Final installment of “The Second Wave of the Credit Crisis” series; with reporting from Fox News analyst James Farrell
The $3.5 tn commercial real estate market is eroding, defaults are doubling on loans for apartment buildings, office buildings, housing complexes, strip malls, hotels, hospitals, and a staggering amount of loans must be rolled over this year into refinancings, or else go bellyup.
Prices in commercial real estate have fallen about 39% from the peak in mid 2007, according to the Massachusetts Institute of Technology's Center for Real Estate, with no signs of the plunge stopping. Data from Moody's Investors Service show similar declines.
The 39% drop in commercial real estate prices has already eclipsed the 27% decrease during the S&L crisis of the late '80s to early '90s.
And the derivatives, the ticking time bonds built on the backs of these potentially Kryptonite loans, could deepen the crater already blown wide open on Wall Street by the more than $1.5 tn in writedowns and losses taken so far in the housing and credit meltdown.
Big banks from Wells Fargo, Citigroup, Bank of America to Regions Financial, SunTrust, KeyCorp are already getting hit with losses in their commercial property book. Both Wells' and Morgan Stanley's most recent quarter suffered heavy losses from commercial real estate as bad loans surged.
Regions, Marshall & Isley, SunTrust, Zions, and Comerica all spilled red ink in their last quarters, and may report losses well into 2010 as they struggle to build bad loan reserves. Already, KeyCorp, Regions and Zions trade at half their book value on a hard asset basis (after stripping out intangibles like goodwill).
The problem now is, the US government, meaning taxpayers, may be called upon once again for even more bailout help for this struggling sector, beyond the $23.7 tn in gross exposures already in the bailout programs to date (gross exposures are an Armageddon scenario, although they do show what the government has committed, according to the inspector general for the Troubled Asset Relief Program, Neil Barofsky).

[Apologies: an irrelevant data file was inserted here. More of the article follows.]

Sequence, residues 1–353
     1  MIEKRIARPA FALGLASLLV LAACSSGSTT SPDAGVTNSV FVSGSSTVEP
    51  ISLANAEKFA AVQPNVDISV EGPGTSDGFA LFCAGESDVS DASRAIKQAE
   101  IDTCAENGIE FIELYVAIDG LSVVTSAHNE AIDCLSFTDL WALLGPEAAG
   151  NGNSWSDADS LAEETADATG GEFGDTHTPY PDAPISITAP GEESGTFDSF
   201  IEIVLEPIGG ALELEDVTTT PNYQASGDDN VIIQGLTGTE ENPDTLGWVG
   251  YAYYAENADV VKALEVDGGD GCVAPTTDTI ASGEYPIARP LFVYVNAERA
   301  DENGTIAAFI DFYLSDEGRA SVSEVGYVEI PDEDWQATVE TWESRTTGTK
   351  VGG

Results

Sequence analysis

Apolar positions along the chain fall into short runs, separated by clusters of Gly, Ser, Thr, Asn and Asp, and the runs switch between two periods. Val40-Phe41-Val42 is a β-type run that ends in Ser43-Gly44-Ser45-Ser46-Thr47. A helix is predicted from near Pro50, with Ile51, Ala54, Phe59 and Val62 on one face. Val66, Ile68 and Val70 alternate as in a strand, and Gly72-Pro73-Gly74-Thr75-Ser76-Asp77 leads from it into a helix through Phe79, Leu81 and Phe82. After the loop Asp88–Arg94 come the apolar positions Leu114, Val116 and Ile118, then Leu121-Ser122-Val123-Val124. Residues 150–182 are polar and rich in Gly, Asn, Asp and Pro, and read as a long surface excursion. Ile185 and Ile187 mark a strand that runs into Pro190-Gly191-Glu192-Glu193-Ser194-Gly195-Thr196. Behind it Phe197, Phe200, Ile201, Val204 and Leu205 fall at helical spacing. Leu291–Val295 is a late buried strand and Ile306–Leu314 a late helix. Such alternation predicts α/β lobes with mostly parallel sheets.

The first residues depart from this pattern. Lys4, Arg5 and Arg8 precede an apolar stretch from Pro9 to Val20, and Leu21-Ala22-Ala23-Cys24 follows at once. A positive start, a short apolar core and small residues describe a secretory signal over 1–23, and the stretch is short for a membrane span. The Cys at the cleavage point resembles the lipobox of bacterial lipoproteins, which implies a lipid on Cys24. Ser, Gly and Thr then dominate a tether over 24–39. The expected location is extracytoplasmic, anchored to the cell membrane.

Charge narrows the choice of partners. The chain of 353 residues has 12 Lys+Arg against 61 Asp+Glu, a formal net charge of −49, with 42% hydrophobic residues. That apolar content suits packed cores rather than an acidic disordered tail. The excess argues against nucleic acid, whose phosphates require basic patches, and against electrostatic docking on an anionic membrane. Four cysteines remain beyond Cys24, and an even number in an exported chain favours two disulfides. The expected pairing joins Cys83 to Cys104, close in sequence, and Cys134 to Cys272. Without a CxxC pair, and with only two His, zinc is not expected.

To date, the government's bailout programs have been hotly criticized for not being so cinematically picture perfect, although the stock market is behaving as if they were flawlessly executed.
About $1.4 tn of commercial real estate mortgage loans will be maturing within the next five years, and as much as $750 bn will be maturing in less than three years, says Steven Sandler, chief executive officer of the private equity firm Crosswind Capital in Rye, NY. An estimated $165 bn to $204 bn in U.S. commercial real estate loans could be maturing this year alone, analysts estimate. All of these loans will likely need to be refinanced in an already jammed-tight lending market.
And Sandler notes there isn't enough money on the sidelines, perhaps a maximum $250 bn levered off of $75 bn in initial capitalization, to take care of the looming problems. Banks and insurance companies don't have the balance sheet capacity to refinance the maturing commercial loans, and the securitization is virtually moribund.
In Steps the Federal Reserve—Again
By expanding the Term Asset-Backed Securities Loan Facility, or TALF program, the Fed can offer loans at cheap rates to investors to buy commercial mortgage-backed securities, or CMBSs, and not just securitizations for consumer financings such as auto loans and student loans.
And it's quietly doing just that, on top of the $6.8 tn in gross exposures the central bank has already taken on in the bailouts.
The Fed last May said it would open the door on the TALF, which it has said may grow to $1 tn in size, to commercial mortgage-backed securities (CMBSs) that were issued in 2009. The New York Federal Reserve is overseeing this bailout program.
Beginning June 1, commercial mortgage-backed securities (CMBS) qualified as eligible collateral for five-year loans under the TALF.
Additionally, the Fed said up to $100 bn in TALF funds will immediately be eligible for loans with five-year maturities. The TALF lets the Federal Reserve Bank of New York make loans secured by asset-backed securities rated triple A. Also, in the case of CMBS, the securities now can be backed by mortgages originated on or after July 1, 2008.
Getting help for the commercial loan securitization market “will be important in determining the overall success of the program,” New York Federal Reserve president and chief executive officer William Dudley says. Industry groups are now pushing for the government to extend this program, due to expire in coming months, through the end of next year.